The HABRI Foundation is calling for research proposals to investigate the health outcomes of pet ownership and/or animal-assisted activity or therapy, both for the people and the animals involved. To learn more, visit close

You are here: Home / Journal Articles / Owner attachment and problem behaviors related to relinquishment and training techniques of dogs / About

Owner attachment and problem behaviors related to relinquishment and training techniques of dogs

By J. Y. Kwan, M. J. Bain

View Resource (HTM)

Licensed under

Category Journal Articles

Problematic behaviors are a significant reason for relinquishment, and relinquished dogs are more likely to have problem behaviors. This study utilized standardized surveys of owners (companion animal guardians) relinquishing their dogs to shelters and dog owners visiting vaccination clinics. "Relinquishing" and "continuing" owners were asked questions in the following categories: demographic information, training methods and tools, frequencies in which their dogs engaged in problematic behaviors, and attachment to their dogs. "Relinquishers" were also asked to provide their reasons for relinquishment. The results of 129 surveys (80 relinquishing and 49 continuing) showed that relinquishers scored lower on companion animal attachment than continuing owners. Pit bull-type dogs were represented more in the relinquishing group. Relinquished dogs were no less likely to have attended training classes than continuing dogs. In both groups, owners who used punishment-based collars reported less satisfaction with their dogs' overall and leash-walking behaviors. Pit bull-type dogs were reported to be no less well behaved compared with all other breeds combined. Sixty-five percent of relinquishers reported some behavioral reason for relinquishment. Forty-eight percent of relinquishers indicated that at least 1 problem behavior was a strong influence on their decision to relinquish.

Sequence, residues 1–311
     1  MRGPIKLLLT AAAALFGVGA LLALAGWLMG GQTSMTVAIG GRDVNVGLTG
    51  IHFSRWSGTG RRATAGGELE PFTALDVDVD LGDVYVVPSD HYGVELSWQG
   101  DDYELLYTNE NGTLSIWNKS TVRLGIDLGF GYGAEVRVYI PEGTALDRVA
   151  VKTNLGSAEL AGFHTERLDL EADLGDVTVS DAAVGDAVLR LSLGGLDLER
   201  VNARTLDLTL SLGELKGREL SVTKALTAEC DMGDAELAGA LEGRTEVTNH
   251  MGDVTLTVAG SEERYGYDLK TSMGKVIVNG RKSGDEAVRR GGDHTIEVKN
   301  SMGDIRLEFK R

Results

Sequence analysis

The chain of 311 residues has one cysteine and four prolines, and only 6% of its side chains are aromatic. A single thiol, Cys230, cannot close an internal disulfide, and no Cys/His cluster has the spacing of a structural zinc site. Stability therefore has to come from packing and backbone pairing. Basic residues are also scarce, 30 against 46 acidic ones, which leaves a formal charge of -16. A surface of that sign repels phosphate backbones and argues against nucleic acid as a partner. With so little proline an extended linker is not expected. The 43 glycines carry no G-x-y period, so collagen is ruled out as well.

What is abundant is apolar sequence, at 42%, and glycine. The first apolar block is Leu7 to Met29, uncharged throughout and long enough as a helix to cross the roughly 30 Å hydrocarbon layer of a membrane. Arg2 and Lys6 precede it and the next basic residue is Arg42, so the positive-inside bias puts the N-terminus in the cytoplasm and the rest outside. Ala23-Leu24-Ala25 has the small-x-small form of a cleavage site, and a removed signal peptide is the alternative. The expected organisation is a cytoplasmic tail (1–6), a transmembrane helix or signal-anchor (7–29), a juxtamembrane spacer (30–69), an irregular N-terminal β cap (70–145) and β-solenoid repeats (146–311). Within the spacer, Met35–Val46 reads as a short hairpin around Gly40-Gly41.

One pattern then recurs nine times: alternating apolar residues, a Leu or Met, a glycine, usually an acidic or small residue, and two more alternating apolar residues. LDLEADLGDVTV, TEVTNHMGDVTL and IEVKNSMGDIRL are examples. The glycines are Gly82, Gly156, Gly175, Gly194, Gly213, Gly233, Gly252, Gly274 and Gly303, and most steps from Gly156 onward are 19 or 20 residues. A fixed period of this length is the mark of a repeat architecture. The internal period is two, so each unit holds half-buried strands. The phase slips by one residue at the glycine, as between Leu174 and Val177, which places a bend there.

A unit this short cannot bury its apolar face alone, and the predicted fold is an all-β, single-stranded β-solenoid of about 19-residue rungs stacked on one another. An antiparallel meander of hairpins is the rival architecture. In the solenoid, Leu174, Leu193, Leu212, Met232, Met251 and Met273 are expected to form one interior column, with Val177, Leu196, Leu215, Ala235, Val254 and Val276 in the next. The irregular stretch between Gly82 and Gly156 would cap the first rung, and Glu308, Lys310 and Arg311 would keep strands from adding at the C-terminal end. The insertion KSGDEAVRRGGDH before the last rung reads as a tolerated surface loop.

Publication Title Journal of Applied Animal Welfare Science
Volume 16
Issue 2
Pages 168-183
ISBN/ISSN 1088-8705
Publisher Taylor & Francis
DOI 10.1080/10888705.2013.768923
Language English
Author Address School of Veterinary Medicine, University of California, Davis, 1 Shields Avenue, Davis, CA 95616,
Cite this work

Researchers should cite this work as follows:

  1. Animal behavior
  2. Animal rights
  3. Animals
  4. Animal welfare
  5. Behavior and behavior mechanisms
  6. Canidae
  7. Canine
  8. Carnivores
  9. Demography
  10. Dogs
  11. Education
  12. Health centers
  13. Health services
  14. Mammals
  15. peer-reviewed
  16. Pets and companion animals
  17. Resistance and Immunity
  18. shelters
  19. surveys
  20. Techniques
  21. training
  22. vaccination
  23. vertebrates
  1. peer-reviewed